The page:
Wednesday, August 7, 2013

Field Trips on the Fly {5 Days of Field Trips}

After talking so much about planning a successful field trip and how to hunt down great field trip destinations, it might seem a little odd to promote doing field trips on the fly, but sometimes impromptu field trips turn out to be some of the best. These kinds of "teachable moment" field trips can be especially good for young children because so many everyday experiences can be turned into hands-on learning experiences. Here are some ideas for turning the "everyday" or "on the way" opportunities into a field trip.
For young children, many of the daily errands and experiences we adults take for granted are completely new and inspire questions and curiosity. One of the perks of homeschooling is having our kids with us, so they can get those real world experiences with us, but we can still make it a fun learning adventure when we take a little extra time or notice that something is sparking their interest. For instance, you don't need to sign up for the guided tour of the grocery store in order to make it a field trip. Just take some extra time when shopping with with your kids to answer their questions, discuss food labels, look at where the fruits and vegetables in the produce section come from, and encourage kids to talk to the manager of the meat or seafood department if they happen to be around. The same approach can turn a trip to the mall, the landfill, a bakery, I've mentioned our shopping at Wegmans and how every visit through the store is like a field trip. They have a huge cheese department, and just reading the information cards about the different varieties of cheese is educational. They also have a larger than average International Foods aisle, which has provided us with some interesting ideas, including an international soda tasting activity.

Stop by your local farmers market for shopping and field trip combined. Provided you aren't keeping the vendors from tending to other customers, they are usually friendly and willing to answer questions about their products, and you may even find out about other field trip opportunities - maybe the vendor selling local honey would do a tour of the apiary, or the local coffee roaster would allow your group to visit his shop to learn about how coffee is roasted and blended.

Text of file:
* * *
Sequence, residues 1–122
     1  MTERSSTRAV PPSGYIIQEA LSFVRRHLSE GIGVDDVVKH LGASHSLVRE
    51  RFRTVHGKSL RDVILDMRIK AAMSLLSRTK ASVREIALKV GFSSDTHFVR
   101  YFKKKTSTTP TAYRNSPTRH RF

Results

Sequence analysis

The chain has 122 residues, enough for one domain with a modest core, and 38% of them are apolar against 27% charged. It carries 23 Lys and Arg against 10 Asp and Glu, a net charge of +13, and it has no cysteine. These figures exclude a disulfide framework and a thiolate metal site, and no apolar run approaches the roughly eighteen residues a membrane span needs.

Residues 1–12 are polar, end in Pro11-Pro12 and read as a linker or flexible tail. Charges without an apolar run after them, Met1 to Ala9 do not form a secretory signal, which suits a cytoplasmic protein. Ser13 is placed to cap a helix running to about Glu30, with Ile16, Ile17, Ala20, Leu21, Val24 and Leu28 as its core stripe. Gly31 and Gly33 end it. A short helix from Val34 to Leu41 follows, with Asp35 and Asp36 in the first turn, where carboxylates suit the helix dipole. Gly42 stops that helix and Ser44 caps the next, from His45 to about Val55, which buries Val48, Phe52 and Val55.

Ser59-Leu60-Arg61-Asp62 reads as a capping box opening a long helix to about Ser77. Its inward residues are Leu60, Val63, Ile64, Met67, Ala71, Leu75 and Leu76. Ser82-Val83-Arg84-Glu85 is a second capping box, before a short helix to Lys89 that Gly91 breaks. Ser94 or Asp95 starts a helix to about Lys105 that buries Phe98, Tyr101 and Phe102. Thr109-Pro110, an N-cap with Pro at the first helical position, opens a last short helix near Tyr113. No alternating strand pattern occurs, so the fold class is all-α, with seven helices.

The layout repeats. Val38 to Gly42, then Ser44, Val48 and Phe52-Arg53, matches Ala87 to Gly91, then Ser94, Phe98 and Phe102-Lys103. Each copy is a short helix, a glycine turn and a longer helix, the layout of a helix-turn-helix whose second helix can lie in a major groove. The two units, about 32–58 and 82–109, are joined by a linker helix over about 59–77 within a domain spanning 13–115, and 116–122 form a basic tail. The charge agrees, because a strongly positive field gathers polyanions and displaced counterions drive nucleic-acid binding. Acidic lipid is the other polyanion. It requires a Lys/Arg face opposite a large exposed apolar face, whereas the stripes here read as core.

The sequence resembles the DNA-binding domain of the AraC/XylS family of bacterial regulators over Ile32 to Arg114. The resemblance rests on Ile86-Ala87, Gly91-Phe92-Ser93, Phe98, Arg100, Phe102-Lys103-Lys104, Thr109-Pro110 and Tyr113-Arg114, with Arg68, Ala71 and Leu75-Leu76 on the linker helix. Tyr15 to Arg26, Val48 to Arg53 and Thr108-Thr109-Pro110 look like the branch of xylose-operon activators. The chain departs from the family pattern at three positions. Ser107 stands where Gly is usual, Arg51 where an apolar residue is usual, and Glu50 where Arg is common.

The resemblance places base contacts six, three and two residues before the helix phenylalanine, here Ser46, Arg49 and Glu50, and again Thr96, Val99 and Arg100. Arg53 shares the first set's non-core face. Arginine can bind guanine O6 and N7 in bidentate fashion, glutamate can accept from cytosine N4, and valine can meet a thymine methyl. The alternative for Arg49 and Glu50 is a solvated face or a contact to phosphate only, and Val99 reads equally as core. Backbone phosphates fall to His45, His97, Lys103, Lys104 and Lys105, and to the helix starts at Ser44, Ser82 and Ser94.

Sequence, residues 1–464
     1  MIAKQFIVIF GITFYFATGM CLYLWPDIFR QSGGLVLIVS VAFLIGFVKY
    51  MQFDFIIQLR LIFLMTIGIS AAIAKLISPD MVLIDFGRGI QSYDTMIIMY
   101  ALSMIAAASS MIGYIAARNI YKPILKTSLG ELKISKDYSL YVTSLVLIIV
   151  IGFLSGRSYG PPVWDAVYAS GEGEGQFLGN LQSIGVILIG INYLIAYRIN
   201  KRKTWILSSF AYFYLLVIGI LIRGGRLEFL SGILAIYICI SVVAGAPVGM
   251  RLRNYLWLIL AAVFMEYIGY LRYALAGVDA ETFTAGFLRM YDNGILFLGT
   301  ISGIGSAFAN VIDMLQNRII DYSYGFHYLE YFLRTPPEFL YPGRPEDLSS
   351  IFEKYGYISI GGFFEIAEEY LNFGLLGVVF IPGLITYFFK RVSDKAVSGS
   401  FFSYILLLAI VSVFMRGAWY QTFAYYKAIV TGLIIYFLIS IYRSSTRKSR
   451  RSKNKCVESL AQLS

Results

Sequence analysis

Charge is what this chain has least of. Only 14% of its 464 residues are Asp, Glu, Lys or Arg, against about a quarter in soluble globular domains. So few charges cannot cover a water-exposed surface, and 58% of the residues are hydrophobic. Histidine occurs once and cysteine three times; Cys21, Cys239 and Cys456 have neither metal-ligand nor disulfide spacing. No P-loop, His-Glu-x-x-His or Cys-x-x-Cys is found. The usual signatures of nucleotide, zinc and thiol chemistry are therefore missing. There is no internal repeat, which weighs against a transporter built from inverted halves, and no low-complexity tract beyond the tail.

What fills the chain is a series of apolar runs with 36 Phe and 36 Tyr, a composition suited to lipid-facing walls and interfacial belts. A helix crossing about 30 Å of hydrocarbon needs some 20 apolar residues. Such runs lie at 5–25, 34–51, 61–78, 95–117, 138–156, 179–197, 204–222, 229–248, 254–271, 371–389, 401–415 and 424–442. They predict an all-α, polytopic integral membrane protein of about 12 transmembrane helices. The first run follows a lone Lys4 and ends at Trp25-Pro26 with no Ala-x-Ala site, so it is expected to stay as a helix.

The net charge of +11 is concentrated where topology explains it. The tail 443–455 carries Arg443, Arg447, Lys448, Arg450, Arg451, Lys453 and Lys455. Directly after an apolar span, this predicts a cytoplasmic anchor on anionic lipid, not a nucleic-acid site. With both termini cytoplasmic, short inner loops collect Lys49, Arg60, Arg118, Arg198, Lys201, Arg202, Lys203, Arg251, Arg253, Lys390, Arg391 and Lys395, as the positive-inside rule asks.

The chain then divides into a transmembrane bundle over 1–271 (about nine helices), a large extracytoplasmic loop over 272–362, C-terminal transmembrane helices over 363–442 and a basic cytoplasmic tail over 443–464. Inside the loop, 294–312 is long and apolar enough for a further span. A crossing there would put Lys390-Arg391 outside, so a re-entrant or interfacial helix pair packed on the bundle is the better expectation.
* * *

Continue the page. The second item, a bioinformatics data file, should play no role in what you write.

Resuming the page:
Trips to the local park or nature area can usually be done on the spur of the moment, allowing you to do something fun and different when you need a break from routine, but also allowing for an educational experience. When studying ecosystems one year for science, we went into our own backyard to get some ideas of what different ecosystems are like; we stopped by the seashore dunes area on a weekend trip to the beach; and we took a short trip over to the state forest for a walk in the woods. None of these trips required any advance planning, but they provided some fun and some hands-on learning. Really, any time you go for a walk with your kids, it can be a field trip. Look at the plants and animal life you see on the way. It can range from untended wilderness to farmers' crops to neat flowerbeds, and from wild birds to livestock to butterflies. Or take note of the different types of architecture seen in the buildings of a neighborhood, or the types of businesses.

Be open to stops along the way when you are vacationing as well. If you have some extremely Type A personalities in the family, who need a carefully planned schedule and timetable, this may be a huge challenge and you may even decide it's not worth it. Building some downtime into your vacation schedule may solve the problem. And remember that just because you make a side trip to the state park or museum that you see along the way doesn't mean you need to spend all day there. Take advantage of the free places you notice, and then if you can only fit in a short stop, you won't have to feel guilty about "not getting your money's worth". Our family's impromptu field trips while on vacation include the now famous visit to the Zamboni plant, and numerous visits to state and local parks seen along the way. You don't have to turn the side trip or unscheduled stop into a half day of worksheets and classroom though - take some pictures, pick up some brochures if they're available, and just enjoy the experience. Later on, when you're studying ecosystems in science, or the history of the railroad, you will have a great opportunity to remember the time you explored the beach dunes or the city park with the steam locomotive on display.
Erin at For Him and My Family gave some great ideas for field trips for very young students, and many of them involve very little planning. Check out her list of Easy Field Trips for Homeschooling Families of Young Children.

Have you ever had a great, but unplanned field trip? Leave a comment and let me know! Stop by for a cup of coffee and more discussion about field trips during the 5 Days Blog Hop, and be sure to visit the other Schoolhouse Crew members and their 5 Days topics. Just click on the banner below to return to our Blog Hop Home!
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